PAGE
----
“Diamonds are forever,” the title of the famous 1971 James Bond movie is related to the topic of this article about investing in diamonds. The movie title is 100% true as diamonds are known for their ability to withstand adverse conditions and the passing of time without losing anything from their brightness and worthiness. That’s why many investors turn to them when they want to secure a part of their investment portfolio, feeling safe that even in a market crash they will still have the capability to buy and sell assets.
Most businesses feel the pinch of tightened purse strings in times of economic instability. The luxury stone has continued to move from strength to strength of late, dramatically rebounding from its recession in 2008, and its outlook today is almost as bright as the stones themselves.
Diamonds are extremely difficult to come by, unlike many resources, and mining has been compared to finding a needle in a haystack. According to several industry surveys and analysts, due to the dearth of new mines and the depletion of existing ones, the scarcity of rough supply is considered the biggest problem facing the diamond industry. Mining analysts note that “diamond production is likely to decline over the next five to ten years as mines reach the end of their lives. This industry is finite; resources will come to an end that poses a continuing risk to the industry.”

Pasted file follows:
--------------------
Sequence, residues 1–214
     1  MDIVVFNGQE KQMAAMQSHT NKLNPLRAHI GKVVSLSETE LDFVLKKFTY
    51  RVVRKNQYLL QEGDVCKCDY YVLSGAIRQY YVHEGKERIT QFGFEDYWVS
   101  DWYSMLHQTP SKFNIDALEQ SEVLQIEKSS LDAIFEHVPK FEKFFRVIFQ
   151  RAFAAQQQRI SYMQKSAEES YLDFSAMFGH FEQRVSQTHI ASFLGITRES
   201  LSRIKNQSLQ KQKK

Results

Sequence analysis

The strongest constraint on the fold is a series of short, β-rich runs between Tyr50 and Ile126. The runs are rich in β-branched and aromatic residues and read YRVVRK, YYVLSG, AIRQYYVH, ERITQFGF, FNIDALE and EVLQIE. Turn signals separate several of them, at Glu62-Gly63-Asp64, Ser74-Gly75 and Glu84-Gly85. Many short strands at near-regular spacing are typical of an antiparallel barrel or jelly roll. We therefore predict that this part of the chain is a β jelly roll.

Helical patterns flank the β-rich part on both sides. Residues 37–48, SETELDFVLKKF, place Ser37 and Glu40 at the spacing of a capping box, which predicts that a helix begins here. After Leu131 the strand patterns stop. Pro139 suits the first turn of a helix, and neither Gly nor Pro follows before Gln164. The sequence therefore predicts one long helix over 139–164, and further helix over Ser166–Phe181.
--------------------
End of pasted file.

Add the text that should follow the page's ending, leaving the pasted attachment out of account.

This supply-demand imbalance will most likely be met by substantially higher diamond prices, resulting in either an increase in synthetic diamonds or a new supply of mines. With a typical 8 to 10-year lead from exploration discovery to mining, analysts are wary as to how the industry will respond to the shortage in the medium term. Up to 5% of the global market for polished diamond jewellery comes from China and it is estimated that up to 50% of the major purchases over the past few years have come from China and South East Asia at the top end of the market for valuable and fancy coloured stones. “China is a major growth market for diamond sales, and for several years De Beers has been actively selling engagement rings to Chinese consumers-with good results,” Deutsche Bank analysts said. With demand from Asia unlikely to dwindle and a potential restocking in US demand still to come, it is pointed out that the structural deficit in the diamond market will only put further pressure on prices.
Market statistics show that the diamond market is rising, fuelled by economic uncertainty. Investors will always be searching for ways to make their portfolio more diverse to be able to face the consequences of a financial crisis without severe losses. Maybe that James Bond movie was in right after all!